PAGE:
In 2011, listed companies had to depreciate more of their assets than in the previous year. The reporting of so-called 'impairment of assets' have increased sharply, but, in view of the current share price of some companies, investors appear to be pricing in more impairment losses to come, as is evident from the reviews conducted by the AFM. The AFM points out to companies that it is precisely during these difficult economic circumstances that timely information concerning valuations is of great importance to investors.
In 2012, the AFM performed thematic reviews of the 2011 financial reporting. In the annual reports, the supervisor focused specifically on impairment of assets, but also investigated the valuation of investment property and the manner in which non-controlling interests affect the financial situation of companies. Exposure to risks arising from sovereign and non-sovereign debts was also assessed. The AFM has already published its conclusions in this connection. The financial statements are an important source of information for all parties with an interest in a company. Companies and their auditors therefore have to ensure that they provide a true and fair view of their financial situation.
In the 2011 financial reporting, property investment institutions provided more information on the valuation of property, but this information is not readily comparable. The AFM encourages further harmonisation within the sector.
The AFM has established that companies are not transparent enough regarding the effect of non-controlling interests on the financial position, financial results and cash flows of the group. Furthermore, one third of the companies do not provide a proper description of the composition of the group.
Additional information per thematic review:
Impairment losses increased sharply
The thematic review regarding impairment of non-financial assets shows that in both nature and size many more impairment losses were recognised in 2011 when compared to 2010. It is notable that 11 of the 20 companies that did not report an impairment loss have a market capitalisation that is lower than the carrying amount of their net assets. Investors in these cases appear to be already pricing in an impairment loss, while the companies themselves do not (yet) see the need to do so.
Furthermore, it is remarkable that the majority of the companies report the loss in the fourth quarter, although indications that a loss could occur were already present earlier. In view of the uncertain market conditions, it is important that investors are informed promptly with regard to impairment of assets.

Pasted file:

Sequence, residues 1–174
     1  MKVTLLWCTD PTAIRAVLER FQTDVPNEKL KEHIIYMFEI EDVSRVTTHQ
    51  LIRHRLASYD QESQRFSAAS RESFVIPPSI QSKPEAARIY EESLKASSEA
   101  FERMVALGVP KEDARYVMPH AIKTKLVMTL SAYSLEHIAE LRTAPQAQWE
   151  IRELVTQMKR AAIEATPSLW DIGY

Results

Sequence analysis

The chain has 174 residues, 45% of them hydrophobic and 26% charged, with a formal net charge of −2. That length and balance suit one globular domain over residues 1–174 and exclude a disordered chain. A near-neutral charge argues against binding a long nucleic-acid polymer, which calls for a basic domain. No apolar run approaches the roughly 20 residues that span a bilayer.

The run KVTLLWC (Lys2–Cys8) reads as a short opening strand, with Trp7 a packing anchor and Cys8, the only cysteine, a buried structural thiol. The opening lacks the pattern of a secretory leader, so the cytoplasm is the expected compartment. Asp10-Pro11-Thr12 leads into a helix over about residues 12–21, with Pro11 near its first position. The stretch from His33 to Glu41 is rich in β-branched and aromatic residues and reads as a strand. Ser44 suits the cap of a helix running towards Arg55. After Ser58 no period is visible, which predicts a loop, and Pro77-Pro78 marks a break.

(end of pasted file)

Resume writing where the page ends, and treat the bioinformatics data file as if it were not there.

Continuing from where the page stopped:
Property investment institutions are providing more information on property valuation, but this information is not readily comparable
When compared with 2010, the collective property investment schemes provide more information concerning 2011 in the notes to the property valuations, and more data on the valuation methods and the assumptions on which they are based. The most prevalent assumptions are expected rental income, the discount rate and the expected vacancy levels. Nearly all collective property investment schemes also include sensitivity analyses.
This more comprehensive explanation, both in a quantitative and a qualitative sense, has increased the relevance, and consequently the quality, of the financial reporting. Definitions of the assumptions and the aggregation levels at which this information is being provided do, however, differ quite significantly. It is therefore difficult for investors to compare information. And it is precisely such comparable information that is of great importance to their decision-making. Further coordination within the sector would be desirable.
It is furthermore remarkable that the market value of collective property investment schemes is considerably lower than the carrying amount. The above indicates that investors are taking into account future depreciations of the property portfolio.
In contrast to the collective property investment schemes, the financial institutions with material property investments provide considerably less information. In addition, financial institutions subject their property portfolios to an external valuation significantly less often than collective property investment schemes. This does not benefit the credibility of the established fair value of the property investments.
Companies are not yet providing transparency regarding the effect of non-controlling interests on the financial position, financial results and cash flows of the group
The interests of third parties in one or more group companies (non-controlling interests) form a material part of the total group equity of a quarter of the companies subject to supervision. For a further quarter of the companies under supervision, the size of these interests measured as part of total group equity is not material. This, however, does not exclude the possibility that these non-controlling interests may well have a material effect on one or more individual items in the financial statements.
The AFM is committed to promoting fair and transparent financial markets.
As an independent market conduct authority, we contribute to a sustainable financial system and prosperity in the Netherlands.